4. The land in which I lived, by a fell bane Was withered up. Tyrants dwelt side by side, "695 And stabled in our homes,--until the chain Stifled the captive's cry, and to abide That blasting curse men had no shame--all vied In evil, slave and despot; fear with lust Strange fellowship through mutual hate had tied, "700 Like two dark serpents tangled in the dust, Which on the paths of men their mingling poison thrust.

5. Earth, our bright home, its mountains and its waters, And the ethereal shapes which are suspended Over its green expanse, and those fair daughters, "705 The clouds, of Sun and Ocean, who have blended The colours of the air since first extended It cradled the young world, none wandered forth To see or feel; a darkness had descended On every heart; the light which shows its worth, "710 Must among gentle thoughts and fearless take its birth.

6. This vital world, this home of happy spirits, Was as a dungeon to my blasted kind; All that despair from murdered hope inherits They sought, and in their helpless misery blind, "715 A deeper prison and heavier chains did find, And stronger tyrants:--a dark gulf before, The realm of a stern Ruler, yawned; behind, Terror and Time conflicting drove, and bore On their tempestuous flood the shrieking wretch from shore. "720

7. Out of that Ocean's wrecks had Guilt and Woe Framed a dark dwelling for their homeless thought, And, starting at the ghosts which to and fro Glide o'er its dim and gloomy strand, had brought The worship thence which they each other taught. "725 Well might men loathe their life, well might they turn Even to the ills again from which they sought Such refuge after death!--well might they learn To gaze on this fair world with hopeless unconcern!

8. For they all pined in bondage; body and soul, "730 Tyrant and slave, victim and torturer, bent Before one Power, to which supreme control Over their will by their own weakness lent, Made all its many names omnipotent; All symbols of things evil, all divine; "735 And hymns of blood or mockery, which rent The air from all its fanes, did intertwine Imposture's impious toils round each discordant shrine.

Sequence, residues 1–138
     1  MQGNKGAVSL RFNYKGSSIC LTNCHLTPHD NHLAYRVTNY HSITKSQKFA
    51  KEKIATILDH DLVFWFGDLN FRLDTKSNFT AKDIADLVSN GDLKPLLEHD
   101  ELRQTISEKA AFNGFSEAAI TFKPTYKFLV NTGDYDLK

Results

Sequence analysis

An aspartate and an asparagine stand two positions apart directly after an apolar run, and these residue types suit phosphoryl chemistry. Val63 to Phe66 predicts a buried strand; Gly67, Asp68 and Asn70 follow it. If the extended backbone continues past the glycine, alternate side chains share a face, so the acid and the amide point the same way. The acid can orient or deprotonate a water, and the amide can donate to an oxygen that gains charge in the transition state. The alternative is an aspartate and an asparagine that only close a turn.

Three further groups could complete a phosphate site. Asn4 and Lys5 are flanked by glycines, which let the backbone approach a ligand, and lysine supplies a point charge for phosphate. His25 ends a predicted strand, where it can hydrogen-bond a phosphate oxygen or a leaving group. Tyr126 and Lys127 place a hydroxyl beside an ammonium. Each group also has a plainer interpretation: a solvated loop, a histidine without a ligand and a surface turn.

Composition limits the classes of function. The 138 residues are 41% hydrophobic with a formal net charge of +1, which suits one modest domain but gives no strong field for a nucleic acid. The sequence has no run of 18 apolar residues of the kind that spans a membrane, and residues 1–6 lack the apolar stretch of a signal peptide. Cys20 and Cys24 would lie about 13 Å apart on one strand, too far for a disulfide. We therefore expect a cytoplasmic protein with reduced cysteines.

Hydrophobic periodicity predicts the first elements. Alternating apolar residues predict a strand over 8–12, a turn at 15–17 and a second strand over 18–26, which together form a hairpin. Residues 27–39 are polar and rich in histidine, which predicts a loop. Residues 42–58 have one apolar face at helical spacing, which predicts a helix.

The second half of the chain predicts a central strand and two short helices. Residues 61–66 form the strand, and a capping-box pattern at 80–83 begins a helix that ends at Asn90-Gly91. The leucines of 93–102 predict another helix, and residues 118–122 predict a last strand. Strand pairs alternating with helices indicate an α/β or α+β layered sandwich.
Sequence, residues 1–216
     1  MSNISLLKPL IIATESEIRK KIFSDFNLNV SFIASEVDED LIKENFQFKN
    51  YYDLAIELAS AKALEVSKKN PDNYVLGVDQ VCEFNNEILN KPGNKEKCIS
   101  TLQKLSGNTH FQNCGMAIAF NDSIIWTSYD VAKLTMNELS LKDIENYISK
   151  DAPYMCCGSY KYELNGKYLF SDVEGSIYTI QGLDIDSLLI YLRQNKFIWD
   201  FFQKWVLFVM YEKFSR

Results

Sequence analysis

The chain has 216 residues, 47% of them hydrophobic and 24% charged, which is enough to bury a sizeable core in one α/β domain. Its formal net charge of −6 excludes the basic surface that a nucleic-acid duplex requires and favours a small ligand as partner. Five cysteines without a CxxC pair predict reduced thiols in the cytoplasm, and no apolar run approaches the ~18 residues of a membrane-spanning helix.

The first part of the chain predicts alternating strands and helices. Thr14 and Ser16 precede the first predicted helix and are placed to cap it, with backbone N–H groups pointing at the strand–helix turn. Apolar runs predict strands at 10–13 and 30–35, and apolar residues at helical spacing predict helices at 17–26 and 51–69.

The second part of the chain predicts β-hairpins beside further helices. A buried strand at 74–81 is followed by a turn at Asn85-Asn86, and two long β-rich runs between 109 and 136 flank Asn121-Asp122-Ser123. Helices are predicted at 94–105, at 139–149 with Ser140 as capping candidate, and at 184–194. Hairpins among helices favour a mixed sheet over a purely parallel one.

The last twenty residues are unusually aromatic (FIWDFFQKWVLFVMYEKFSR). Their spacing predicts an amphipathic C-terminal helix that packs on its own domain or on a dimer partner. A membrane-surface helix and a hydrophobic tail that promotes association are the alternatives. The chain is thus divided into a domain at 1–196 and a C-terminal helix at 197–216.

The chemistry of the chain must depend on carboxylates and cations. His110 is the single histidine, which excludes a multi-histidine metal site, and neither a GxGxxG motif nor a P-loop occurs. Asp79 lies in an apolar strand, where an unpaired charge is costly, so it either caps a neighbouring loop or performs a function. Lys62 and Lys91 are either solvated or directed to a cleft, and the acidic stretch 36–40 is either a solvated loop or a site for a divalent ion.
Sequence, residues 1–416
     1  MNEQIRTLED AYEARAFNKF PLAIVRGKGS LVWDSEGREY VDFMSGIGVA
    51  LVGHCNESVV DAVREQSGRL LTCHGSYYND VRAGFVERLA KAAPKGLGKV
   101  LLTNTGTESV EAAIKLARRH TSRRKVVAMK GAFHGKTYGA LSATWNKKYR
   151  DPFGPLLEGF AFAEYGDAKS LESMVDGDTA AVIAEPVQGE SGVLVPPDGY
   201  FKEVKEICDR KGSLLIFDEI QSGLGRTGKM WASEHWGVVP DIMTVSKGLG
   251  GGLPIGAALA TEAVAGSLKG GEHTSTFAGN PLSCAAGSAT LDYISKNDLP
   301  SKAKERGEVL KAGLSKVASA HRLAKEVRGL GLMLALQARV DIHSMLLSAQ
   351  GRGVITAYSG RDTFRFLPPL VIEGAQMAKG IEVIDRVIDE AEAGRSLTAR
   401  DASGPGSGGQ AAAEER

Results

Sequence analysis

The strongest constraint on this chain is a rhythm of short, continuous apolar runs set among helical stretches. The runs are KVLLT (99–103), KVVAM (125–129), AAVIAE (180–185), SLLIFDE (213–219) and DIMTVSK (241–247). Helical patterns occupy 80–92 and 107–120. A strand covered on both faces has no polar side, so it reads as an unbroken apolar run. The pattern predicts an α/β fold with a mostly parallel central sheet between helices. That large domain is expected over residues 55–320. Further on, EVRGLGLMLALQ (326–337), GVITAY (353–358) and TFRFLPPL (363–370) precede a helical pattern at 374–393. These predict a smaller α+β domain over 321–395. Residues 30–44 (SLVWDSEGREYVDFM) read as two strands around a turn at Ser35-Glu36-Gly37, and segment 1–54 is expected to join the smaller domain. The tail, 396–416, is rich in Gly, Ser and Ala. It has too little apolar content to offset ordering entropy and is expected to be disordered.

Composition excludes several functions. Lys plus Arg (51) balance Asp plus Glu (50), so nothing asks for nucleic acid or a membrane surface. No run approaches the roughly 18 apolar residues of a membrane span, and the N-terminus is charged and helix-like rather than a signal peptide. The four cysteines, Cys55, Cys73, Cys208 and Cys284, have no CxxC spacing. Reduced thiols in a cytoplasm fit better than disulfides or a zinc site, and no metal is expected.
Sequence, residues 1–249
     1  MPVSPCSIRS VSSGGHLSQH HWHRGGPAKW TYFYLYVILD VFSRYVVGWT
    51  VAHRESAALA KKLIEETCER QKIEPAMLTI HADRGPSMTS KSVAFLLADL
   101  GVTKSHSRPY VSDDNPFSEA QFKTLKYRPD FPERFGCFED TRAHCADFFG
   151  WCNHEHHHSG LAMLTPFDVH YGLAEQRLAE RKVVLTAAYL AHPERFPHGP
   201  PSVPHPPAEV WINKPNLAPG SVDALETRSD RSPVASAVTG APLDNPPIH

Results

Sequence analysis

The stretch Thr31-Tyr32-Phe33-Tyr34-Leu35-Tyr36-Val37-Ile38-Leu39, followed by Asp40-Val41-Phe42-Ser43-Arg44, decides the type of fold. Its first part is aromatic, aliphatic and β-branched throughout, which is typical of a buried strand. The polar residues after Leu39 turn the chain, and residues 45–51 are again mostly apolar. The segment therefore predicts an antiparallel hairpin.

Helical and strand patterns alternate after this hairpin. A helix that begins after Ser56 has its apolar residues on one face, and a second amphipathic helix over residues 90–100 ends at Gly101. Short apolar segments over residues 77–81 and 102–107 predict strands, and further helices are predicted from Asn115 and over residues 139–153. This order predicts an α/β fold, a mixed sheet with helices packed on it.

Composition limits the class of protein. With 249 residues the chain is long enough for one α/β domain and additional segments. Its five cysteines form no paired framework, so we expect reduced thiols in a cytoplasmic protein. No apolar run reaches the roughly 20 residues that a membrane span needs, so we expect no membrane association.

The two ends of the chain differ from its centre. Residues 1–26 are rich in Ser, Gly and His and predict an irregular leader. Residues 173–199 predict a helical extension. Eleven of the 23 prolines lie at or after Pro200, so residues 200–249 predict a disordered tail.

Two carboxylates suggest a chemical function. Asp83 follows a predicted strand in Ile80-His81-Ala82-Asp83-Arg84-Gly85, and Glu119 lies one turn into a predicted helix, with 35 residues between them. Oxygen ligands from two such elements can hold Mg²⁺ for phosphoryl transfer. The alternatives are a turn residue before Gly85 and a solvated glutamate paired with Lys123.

9. I heard, as all have heard, life's various story, And in no careless heart transcribed the tale; "740 But, from the sneers of men who had grown hoary In shame and scorn, from groans of crowds made pale By famine, from a mother's desolate wail O'er her polluted child, from innocent blood Poured on the earth, and brows anxious and pale "745 With the heart's warfare, did I gather food To feed my many thoughts--a tameless multitude!

10. I wandered through the wrecks of days departed Far by the desolated shore, when even O'er the still sea and jagged islets darted "750 The light of moonrise; in the northern Heaven, Among the clouds near the horizon driven, The mountains lay beneath one planet pale; Around me, broken tombs and columns riven Looked vast in twilight, and the sorrowing gale "755 Waked in those ruins gray its everlasting wail!

11. I knew not who had framed these wonders then, Nor had I heard the story of their deeds; But dwellings of a race of mightier men, And monuments of less ungentle creeds "760 Tell their own tale to him who wisely heeds The language which they speak; and now, to me The moonlight making pale the blooming weeds, The bright stars shining in the breathless sea, Interpreted those scrolls of mortal mystery. "765

12. Such man has been, and such may yet become! Ay, wiser, greater, gentler even than they Who on the fragments of yon shattered dome Have stamped the sign of power--I felt the sway Of the vast stream of ages bear away "770 My floating thoughts--my heart beat loud and fast-- Even as a storm let loose beneath the ray Of the still moon, my spirit onward passed Beneath truth's steady beams upon its tumult cast.

13. It shall be thus no more! too long, too long, "775 Sons of the glorious dead, have ye lain bound In darkness and in ruin!--Hope is strong, Justice and Truth their winged child have found-- Awake! arise! until the mighty sound Of your career shall scatter in its gust "780 The thrones of the oppressor, and the ground Hide the last altar's unregarded dust, Whose Idol has so long betrayed your impious trust!

14. It must be so--I will arise and waken The multitude, and like a sulphurous hill, "785 Which on a sudden from its snows has shaken The swoon of ages, it shall burst and fill The world with cleansing fire; it must, it will-- It may not be restrained!--and who shall stand Amid the rocking earthquake steadfast still, "790 But Laon? on high Freedom's desert land A tower whose marble walls the leagued storms withstand!